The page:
I’ve been playing around with building simple Phoenix framework sites using Elixir lately. It’s been a lot of fun really digging in and figuring out my own best practices as I go along. One of the obvious ones is setting things up so that all my tests can be run on Travis. I found an article that described how to configure one’s Phoenix project for Travis. But there was a part that always bugged me about it.
First, a bit about how Elixir applications work. It is common for Elixir applications to have a series of one or more configuration files.
config.exs contains the default or global configuration. Optionally, there are three other configuration override files each for dev, test, and prod environments named
prod.exs respectively. They override any defaults from
config.exs in their respective environments. They do this by importing the environment-specific configuration into the global one (see the
which I think is a pretty cool system.
The part that bugged me about the article I linked above is that the standard Phoenix
test.exs configuration is:
We need to modify only one line of this configuration in order to make it work on Travis, line 16. If we set the database password to empty, it’s all good. What the article suggests is to create a separate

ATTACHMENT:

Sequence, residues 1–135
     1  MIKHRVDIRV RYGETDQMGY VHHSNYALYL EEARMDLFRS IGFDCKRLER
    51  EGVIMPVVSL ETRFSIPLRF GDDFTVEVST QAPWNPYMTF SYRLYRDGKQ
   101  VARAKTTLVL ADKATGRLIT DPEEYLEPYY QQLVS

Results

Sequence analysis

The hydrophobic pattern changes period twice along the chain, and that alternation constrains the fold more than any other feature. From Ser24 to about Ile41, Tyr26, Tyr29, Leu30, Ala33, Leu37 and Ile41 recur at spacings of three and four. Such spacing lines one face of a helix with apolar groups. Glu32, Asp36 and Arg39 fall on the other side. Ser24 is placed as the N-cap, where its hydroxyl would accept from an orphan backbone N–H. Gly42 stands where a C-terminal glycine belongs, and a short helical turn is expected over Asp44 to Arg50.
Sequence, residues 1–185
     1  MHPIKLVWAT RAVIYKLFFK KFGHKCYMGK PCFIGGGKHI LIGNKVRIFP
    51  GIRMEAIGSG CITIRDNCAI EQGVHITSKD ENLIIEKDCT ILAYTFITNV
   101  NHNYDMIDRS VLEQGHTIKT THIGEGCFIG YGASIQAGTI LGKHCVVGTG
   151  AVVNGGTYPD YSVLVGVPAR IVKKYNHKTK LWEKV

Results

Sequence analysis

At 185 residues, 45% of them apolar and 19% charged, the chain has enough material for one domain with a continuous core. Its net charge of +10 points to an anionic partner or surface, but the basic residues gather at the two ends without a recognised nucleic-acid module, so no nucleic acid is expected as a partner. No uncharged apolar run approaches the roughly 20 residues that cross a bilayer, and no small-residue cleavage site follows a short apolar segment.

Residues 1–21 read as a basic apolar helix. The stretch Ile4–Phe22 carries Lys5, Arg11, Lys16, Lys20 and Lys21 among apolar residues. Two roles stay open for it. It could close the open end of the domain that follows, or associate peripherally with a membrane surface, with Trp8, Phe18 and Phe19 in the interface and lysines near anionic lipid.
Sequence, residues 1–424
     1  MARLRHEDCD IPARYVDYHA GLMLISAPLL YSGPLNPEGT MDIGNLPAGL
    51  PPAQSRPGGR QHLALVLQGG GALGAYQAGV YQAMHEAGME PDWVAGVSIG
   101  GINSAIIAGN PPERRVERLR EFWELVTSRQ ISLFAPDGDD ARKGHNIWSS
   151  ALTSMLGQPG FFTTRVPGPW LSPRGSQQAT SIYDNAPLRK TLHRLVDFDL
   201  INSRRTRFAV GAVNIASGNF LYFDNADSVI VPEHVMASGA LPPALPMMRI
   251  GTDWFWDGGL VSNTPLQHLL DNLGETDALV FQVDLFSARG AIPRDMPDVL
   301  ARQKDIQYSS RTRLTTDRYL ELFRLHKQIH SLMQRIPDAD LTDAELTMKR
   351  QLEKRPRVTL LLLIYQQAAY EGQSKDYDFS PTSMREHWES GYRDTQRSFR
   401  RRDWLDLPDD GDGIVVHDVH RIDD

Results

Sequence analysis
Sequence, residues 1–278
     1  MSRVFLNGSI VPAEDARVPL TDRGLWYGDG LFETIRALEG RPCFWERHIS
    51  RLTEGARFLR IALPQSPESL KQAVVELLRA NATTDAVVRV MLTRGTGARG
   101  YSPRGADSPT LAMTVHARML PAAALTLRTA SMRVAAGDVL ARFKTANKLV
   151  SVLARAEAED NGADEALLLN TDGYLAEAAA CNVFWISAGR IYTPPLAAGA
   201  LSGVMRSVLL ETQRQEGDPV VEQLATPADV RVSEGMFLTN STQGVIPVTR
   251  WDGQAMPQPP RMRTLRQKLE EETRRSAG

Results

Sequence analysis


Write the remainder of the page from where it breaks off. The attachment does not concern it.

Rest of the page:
travis.exs configuration that has all of the same information in it as
test.exs with that one line changed. As someone who spent a number of years working in QA, this kind of duplication is a big red flag! Now if any line other than line 16 changes in
test.exs, we have to remember to change it in
travis.exs also. And we have to remember that line 16 is the “special” line that should be different 😱
We already have a mechanism for overriding configuration values though, the same one we use in
config.exs in every Phoenix application. So in my latest project, I rewrote my
test.exs with line 22 added:
This added line checks to see if it is being run in a CI environment, like Travis, and imports the
ci.exs configuration file:
which overrides the one setting that we want changed. Additionally, if I later choose to have multiple CI environments for any reason, I can further extend this pattern to customize for Travis versus CircleCI or AppVeyor.
Elixir’s ability to create domain-specific languages like the configuration language we see here is similar to Ruby’s and it is one of the main reasons I really enjoy both languages. Being able to easily call standard Elixir code in the middle of what would typically be a simple data file is what separates a DSL like Mix.Config from JSON or YAML. Leveraging that ability can save us a lot of heartache and manual labor in the long run.